Snowden: web restrictions are 'wrong in Russia, would be wrong anywhere'
Edward Snowden might be holed up in Russia, but that's not going to stop him from criticizing the country. While accepting the Norwegian Academy of Literature and Freedom of Expression’s Bjornson prize, the former NSA contractor used a speech to call Russia's attitude to internet freedom and homosexuality as "fundamentally wrong".
The US government has indicated that it has no intention of pardoning Snowden so he remains in exile -- for now, this is in Russia. Not shy to court controversy -- and possibly biting the hand that feeds -- he has hit out at the Russian government saying that its control and restrictions it places on the web are a "mistake in policy".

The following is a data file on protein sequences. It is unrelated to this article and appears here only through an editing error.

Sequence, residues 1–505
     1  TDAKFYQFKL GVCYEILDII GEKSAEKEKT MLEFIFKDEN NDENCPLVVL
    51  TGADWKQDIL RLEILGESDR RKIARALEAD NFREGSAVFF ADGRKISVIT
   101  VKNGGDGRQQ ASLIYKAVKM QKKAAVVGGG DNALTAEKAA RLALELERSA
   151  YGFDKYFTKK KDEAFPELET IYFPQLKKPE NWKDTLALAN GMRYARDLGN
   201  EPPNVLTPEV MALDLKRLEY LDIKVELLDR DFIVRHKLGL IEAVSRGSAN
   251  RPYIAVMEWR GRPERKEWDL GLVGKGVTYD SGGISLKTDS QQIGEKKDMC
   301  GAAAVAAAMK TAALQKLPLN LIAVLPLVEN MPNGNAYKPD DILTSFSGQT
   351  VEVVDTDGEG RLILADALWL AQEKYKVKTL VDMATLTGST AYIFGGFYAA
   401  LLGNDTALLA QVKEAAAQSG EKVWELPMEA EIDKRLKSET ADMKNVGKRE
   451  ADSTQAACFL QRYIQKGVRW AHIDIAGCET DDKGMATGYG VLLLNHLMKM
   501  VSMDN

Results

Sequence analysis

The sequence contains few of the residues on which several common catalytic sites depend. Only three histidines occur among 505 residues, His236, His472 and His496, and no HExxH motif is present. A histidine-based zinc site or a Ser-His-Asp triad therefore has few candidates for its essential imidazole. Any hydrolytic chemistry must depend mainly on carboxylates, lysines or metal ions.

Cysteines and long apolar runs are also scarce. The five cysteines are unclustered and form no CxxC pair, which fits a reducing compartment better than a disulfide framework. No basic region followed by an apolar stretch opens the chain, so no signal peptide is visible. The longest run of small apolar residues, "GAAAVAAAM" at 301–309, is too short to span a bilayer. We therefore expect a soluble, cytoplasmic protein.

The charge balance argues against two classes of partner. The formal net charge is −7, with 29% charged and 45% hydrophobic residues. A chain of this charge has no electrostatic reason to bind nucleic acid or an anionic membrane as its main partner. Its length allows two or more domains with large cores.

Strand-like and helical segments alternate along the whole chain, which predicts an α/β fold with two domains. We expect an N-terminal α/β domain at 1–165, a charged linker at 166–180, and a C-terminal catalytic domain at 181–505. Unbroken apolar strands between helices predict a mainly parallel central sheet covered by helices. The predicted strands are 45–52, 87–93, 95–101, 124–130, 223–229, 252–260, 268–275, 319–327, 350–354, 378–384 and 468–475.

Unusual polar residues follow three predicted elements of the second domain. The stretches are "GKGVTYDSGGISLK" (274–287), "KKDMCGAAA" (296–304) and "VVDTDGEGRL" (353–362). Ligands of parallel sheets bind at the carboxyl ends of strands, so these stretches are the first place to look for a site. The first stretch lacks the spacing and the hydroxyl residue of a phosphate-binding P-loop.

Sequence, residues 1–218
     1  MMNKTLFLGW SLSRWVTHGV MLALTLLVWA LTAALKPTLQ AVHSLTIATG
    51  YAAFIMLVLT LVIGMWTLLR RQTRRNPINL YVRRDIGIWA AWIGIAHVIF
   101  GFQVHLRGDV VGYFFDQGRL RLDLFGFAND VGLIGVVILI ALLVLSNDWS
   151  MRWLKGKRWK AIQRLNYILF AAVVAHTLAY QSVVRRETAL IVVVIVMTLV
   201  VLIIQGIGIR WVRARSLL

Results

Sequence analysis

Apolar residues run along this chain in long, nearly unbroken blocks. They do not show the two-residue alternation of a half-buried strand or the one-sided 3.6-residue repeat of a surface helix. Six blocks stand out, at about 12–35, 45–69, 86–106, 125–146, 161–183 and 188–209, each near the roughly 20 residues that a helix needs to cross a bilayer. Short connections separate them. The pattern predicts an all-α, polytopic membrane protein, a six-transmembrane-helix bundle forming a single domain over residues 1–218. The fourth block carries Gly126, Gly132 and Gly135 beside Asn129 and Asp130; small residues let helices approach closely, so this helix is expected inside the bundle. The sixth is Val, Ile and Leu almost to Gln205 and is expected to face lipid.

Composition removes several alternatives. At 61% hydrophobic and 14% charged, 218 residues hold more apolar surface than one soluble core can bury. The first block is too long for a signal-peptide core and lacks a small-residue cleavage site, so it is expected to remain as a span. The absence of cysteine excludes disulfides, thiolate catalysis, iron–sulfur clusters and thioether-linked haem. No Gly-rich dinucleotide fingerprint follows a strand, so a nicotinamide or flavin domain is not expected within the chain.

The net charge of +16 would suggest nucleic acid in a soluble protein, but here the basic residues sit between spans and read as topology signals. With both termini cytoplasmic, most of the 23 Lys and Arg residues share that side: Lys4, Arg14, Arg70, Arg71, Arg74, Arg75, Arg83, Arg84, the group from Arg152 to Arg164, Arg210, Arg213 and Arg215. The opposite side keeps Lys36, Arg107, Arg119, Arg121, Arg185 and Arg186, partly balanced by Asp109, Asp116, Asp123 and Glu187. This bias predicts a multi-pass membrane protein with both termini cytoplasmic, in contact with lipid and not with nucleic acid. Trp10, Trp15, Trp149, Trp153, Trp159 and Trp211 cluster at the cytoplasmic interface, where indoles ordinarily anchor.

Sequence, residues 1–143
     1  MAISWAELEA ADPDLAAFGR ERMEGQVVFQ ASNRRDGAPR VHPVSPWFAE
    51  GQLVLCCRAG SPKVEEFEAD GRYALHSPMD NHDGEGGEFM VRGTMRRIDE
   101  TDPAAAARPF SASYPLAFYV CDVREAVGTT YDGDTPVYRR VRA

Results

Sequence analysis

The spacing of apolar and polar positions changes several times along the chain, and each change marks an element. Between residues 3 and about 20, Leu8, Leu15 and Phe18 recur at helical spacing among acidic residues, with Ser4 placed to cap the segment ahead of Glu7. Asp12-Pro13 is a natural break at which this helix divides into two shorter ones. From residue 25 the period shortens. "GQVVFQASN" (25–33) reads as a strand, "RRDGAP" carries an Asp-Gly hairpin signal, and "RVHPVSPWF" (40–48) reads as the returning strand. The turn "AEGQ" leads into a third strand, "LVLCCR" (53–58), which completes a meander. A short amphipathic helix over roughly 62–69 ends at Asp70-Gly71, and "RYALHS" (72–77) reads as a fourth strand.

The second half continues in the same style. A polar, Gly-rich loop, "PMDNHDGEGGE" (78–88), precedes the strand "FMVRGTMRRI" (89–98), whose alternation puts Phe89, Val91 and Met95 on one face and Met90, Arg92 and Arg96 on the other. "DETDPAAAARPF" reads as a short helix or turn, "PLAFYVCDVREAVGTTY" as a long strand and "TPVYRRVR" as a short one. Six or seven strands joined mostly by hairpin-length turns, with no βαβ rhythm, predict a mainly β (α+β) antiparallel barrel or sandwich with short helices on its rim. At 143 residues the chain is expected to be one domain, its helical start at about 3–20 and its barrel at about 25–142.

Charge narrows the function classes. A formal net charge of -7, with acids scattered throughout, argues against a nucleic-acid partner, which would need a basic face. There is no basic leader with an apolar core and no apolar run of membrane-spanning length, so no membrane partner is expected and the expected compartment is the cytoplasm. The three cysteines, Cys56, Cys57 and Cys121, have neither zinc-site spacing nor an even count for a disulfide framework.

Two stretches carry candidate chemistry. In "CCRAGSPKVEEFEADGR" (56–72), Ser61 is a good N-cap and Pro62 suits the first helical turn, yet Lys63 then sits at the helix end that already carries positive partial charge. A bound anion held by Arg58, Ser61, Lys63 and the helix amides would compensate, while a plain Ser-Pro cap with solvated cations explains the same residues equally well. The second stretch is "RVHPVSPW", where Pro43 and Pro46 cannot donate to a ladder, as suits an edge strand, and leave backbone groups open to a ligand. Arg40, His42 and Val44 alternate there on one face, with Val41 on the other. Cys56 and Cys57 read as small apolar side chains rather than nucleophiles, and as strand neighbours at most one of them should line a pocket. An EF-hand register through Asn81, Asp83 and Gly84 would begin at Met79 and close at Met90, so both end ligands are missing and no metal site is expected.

Although Snowden has asylum in Russia, he has made it clear that he would much prefer to his native USA. Speaking via videophone from Russia while accepting his award for the work he has done for privacy, he said that surveillance and restrictions not do necessarily help to keep citizens safe in the way that governments often claim.
He pointed to the Charlie Hebdo attacks where, despite the assailants being known to French intelligence agencies, nothing was done to stop them.
Speaking about the situation in Russia, he said:
I’ve been quite critical of [it] in the past and I’ll continue to be in the future, because this drive that we see in the Russian government to control more and more the internet, to control more and more what people are seeing... [is] fundamentally wrong.
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